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Don't Eat The Brown Acid or Update iOS

When I first started this site the only time people would call me a journalist was when they were being angry at me. Usually in the context of, "You asshole! How can you report on my shady business and still call yourself a journalist?" Over the years I've grown into the role, and welcome the responsibilities it implies.

Warning off against iOS updates is the only time this duty burdens my shoulders. I feel like a broken record. I also feel it is important to stand up as a voice of caution against the reckless allure of the novel. I get it. I like new shiny things too. But please, do not update your iOS willy-nilly. This warning includes point releases; as fans of Audiobus discovered over the weekend.

iOS 12.4 broke IAA. There was a change that impacts the way an app signifies its availability for Recording into. Fortunately Michael Tyson was able to patch the Audiobus database with a workaround, requiring users to manually "Tap to Launch" the recording app. A complete fix will require every recording app to submit a new update with the relevant changes.

This serves as a good example of why I'm always repeating myself on this issue. No one expects a point release to suddenly break anything. But they can, and they have.

Thanks to reader Simon for being the first to point out this issue to me.

Reader Comments 5

I have 2 IPads and only update one right away and the other if the update proves to be cool after a week of varied use. Something is wrong with Apple which is very bad considering how much many of us have invested in iOS buying apps and the time learning them. Bloody apple. All that money and they can't be cool. It's only the money for them. They know exactly how to get things done without f-ing us up, but they simply don't care. How could they if they do this kind of sh-t. I coded with a very small team and never had stuff that big happen, ever. Not a huge karma investment for them.
Perrypelican wrote: " How could they if they do this kind of sh-t. I coded with a very small team and never had stuff that big happen, ever. "

Did you work on a project as complex as iOS?

There are so many areas things can go wrong with an operating system.
July 31, 2019  | person_outline Simon
I just love this site and thank you for creating and curating it! It is my first stop every morning with coffee. I guess my IOS stops here. At least for awhile.
August 01, 2019  | person_outline Ralis Kahn
Sounds like timing is the big problem, here. There have been warnings that IAA would be deprecated but that’s way too quick, even by Apple’s standards. Even iOS 13 would have been too early, given issues with current betas of iOS and macOS.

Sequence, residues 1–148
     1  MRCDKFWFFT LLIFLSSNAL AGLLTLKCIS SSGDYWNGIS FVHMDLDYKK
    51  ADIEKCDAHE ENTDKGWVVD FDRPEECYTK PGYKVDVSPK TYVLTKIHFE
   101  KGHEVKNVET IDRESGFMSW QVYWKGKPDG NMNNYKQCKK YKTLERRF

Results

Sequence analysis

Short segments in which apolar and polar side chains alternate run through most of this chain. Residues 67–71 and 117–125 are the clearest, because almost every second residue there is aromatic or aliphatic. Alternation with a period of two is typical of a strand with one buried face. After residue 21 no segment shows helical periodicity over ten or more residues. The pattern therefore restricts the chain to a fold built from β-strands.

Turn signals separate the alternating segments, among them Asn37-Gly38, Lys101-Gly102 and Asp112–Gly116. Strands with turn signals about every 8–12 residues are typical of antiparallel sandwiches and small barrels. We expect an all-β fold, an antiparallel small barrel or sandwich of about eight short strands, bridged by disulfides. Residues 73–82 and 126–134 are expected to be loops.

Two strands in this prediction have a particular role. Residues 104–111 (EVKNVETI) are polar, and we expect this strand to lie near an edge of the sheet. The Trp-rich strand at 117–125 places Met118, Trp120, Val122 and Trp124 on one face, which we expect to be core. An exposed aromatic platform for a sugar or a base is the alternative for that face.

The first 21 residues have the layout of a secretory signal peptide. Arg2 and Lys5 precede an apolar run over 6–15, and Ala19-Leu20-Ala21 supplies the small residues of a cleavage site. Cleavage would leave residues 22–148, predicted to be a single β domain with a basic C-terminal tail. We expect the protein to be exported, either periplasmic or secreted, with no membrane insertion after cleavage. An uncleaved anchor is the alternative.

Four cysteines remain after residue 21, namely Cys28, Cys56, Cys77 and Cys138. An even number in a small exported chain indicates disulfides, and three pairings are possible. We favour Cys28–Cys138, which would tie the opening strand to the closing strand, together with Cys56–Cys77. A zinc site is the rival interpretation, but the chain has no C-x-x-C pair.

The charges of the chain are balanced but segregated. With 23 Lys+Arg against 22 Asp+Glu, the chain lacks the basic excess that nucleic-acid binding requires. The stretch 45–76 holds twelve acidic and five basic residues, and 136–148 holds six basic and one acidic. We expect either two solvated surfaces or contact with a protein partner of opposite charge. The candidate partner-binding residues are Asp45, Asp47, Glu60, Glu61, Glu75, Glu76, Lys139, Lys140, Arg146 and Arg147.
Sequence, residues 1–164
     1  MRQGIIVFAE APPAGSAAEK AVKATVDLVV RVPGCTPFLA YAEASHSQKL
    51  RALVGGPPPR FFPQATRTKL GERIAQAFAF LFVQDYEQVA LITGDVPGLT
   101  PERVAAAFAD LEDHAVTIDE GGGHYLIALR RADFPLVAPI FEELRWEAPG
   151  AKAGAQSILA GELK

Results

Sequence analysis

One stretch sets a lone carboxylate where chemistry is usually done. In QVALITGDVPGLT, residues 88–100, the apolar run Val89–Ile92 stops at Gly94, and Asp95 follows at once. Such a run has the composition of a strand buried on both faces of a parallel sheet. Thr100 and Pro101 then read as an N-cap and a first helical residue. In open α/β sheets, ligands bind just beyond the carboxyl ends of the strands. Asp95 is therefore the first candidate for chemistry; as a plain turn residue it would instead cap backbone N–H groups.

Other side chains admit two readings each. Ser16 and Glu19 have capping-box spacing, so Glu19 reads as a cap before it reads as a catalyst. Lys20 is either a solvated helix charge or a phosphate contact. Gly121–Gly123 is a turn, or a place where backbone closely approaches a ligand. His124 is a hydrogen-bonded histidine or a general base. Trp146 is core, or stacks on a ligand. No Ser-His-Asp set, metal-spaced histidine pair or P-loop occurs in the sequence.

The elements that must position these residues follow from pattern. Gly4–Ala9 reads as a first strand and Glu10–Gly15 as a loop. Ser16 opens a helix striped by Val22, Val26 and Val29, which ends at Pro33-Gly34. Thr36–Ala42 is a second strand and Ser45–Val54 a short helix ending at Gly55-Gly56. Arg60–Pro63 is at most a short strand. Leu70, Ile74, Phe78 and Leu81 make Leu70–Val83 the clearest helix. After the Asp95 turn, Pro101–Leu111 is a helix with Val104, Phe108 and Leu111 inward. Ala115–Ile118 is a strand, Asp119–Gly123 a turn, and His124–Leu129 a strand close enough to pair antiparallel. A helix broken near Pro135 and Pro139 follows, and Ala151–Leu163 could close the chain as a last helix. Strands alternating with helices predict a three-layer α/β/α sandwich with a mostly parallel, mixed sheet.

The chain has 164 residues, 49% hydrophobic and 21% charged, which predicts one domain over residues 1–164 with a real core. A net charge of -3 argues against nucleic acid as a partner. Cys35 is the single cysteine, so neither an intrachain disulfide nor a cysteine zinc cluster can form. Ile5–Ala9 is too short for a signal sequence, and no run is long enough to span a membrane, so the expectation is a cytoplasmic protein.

(Also, to be clear, this sounds like a bug introduced by a security patch. Apple will soon break IAA on purpose, but this might still be solved by a 12.4.1 update or some such.)

Wish Apple had provided a better way for devs to transition to AUv3… but I’m kind of glad that IAA is going away. It was such a clunky solution to a tricky problem… The original Audiobus was a great workaround, at the time, but AUv3 is where things should have been from the start.
It’s just sad that devs find it very hard to add AUv3 support for their apps. Even the best devs out there (say, Bram Bos) make it obvious that AUv3 isn’t easy.
I have and with hospital laboratory application that make iOS complexity look like a toy. The size/complexity has nothing to actually do with. The issue is financial greed. Almost all major software developers don’t want to spend the money for a proper Quality Assurance Testing Dept to do a quality job. Why should they. The younger generations are happy to buy crap and then makes excuses for the vary company that’s ripping them off. That all started with Bill Gates after he bought DOS for next to nothing. And the software development/quality lying started. And Windows has been rubbish ever since version 3.1. While it maybe true for the majority of programmers who are not good enough (or care enough) to write bug free software (I’ve worked with more than one programmer who wrote bug free software!) There is no excuse for ‘releasing’ bugging software, period! Which for Apple has become a horror about under Tim Cook. The problem with the younger generations, they don’t know what real quality is as they never have experienced it in their short lives. Coleco’s Adam computer’s O/S was better that anything Microsoft has done to date and was a hugely solid multitasking OS. That’s back in the late 1980s! That’s why they were forced out of business, mainly by Gates, because Coleco had a superior product. American business is no longer about competition, it’s about monopolies and control. That’s what the big companies do these days. Kill the competition. Today we only have Apple and Microsoft, both are junk manufacturers. We need another Steve Jobs and Steve Wozniak to start up another garage computer company!
September 26, 2019  | person_outline David Covington

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